'Obstinate' officer's grievance claim fails
A Christchurch policeman who let a suspected drink-driver wander off because he was so engrossed in paperwork has had a series of claims dismissed in the Employment Court.
Constable Stephen Davis was forced to move to Christchurch after disputes with superior officers in Northland, but experienced more employment problems here and filed further grievances to the Employment Relations Authority (ERA).
Davis had sought compensation for being transferred and alleged he had been bullied, intimidated and harassed by a fellow officer, and that police had failed to fairly investigate the conduct of another officer.
The Employment Court decided to hear all of the grievances together, with hearings held in Whangarei and Christchurch.
Davis' grievances stemmed from an overtime compensation dispute with two fellow officers at Mangonui station in Northland, prompting a senior sergeant to step in and set clear rules about overtime.
That led to Davis making unfounded accusations that another officer used improper violence against prisoners held in the cells.
The relationship between Davis and the other officer deteriorated, with Davis claiming he had been told to "be careful" because things had changed. Davis said he felt endangered and unsafe while working at Mangonui station.
Human resource managers investigated and found faults on both sides, but Davis was seconded to the nearby Kaeo station, sparking his first complaint to the ERA.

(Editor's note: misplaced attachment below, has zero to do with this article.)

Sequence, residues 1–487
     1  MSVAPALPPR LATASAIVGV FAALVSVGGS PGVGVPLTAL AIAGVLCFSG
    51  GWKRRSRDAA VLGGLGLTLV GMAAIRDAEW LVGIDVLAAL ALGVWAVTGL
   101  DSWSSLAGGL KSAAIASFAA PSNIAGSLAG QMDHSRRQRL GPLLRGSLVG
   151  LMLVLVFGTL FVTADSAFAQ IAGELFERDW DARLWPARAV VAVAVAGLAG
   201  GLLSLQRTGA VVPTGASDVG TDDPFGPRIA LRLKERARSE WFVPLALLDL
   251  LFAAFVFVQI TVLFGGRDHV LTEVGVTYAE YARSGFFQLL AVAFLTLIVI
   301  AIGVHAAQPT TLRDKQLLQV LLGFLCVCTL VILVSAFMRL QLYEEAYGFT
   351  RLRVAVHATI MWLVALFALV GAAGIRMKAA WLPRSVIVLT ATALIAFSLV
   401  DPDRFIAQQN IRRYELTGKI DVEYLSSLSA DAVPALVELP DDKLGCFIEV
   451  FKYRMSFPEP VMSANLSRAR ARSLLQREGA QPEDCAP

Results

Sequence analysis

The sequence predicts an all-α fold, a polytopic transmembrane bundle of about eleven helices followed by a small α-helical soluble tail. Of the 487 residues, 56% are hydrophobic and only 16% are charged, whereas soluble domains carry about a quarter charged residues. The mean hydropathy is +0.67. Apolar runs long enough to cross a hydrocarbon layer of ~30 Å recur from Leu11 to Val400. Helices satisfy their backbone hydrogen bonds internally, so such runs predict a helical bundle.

Davis claimed the other officer continued to harass him, and he was later transferred to Christchurch where he was appointed to the traffic alcohol group (TAG) team.
Employment Court Judge Mark Perkins said Davis' supervising sergeant began to notice minor performance issues shortly after he arrived in Christchurch.
In one incident, Davis allowed a suspected drink-driver to wander off a booze bus while he was engrossed in paperwork.
"Davis did nothing at the time, continued his paperwork and then found the suspect had left," the judge said in a written decision.
The suspect was later convicted, but the incident was investigated by police and Davis was issued with a performance improvement plan.
Davis complained about the plan and said his sergeant discriminated against him by having a "pecking order in the team where she played favourites", and the favourites were "treated like ‘pseudo boyfriends/servants".
Davis alleged the "favourites" were allowed to eat food at meetings, change meal times, be late to meetings, and talk about golf in meetings.
Judge Perkins said it seemed Davis did not take kindly to criticism and appeared to believe, "without any solid foundation", that anyone involved from his employer's side was "dishonest and corrupt".
"He embarked upon a crusade, obstinately refusing to respect the views of others and adopting a rigid, unwavering stance. The majority of complaints were so trivial as to not warrant further investigation."
Judge Perkins dismissed all of Davis' claims and noted it was significant that he had remained a sworn police officer in Christchurch "despite all that has happened".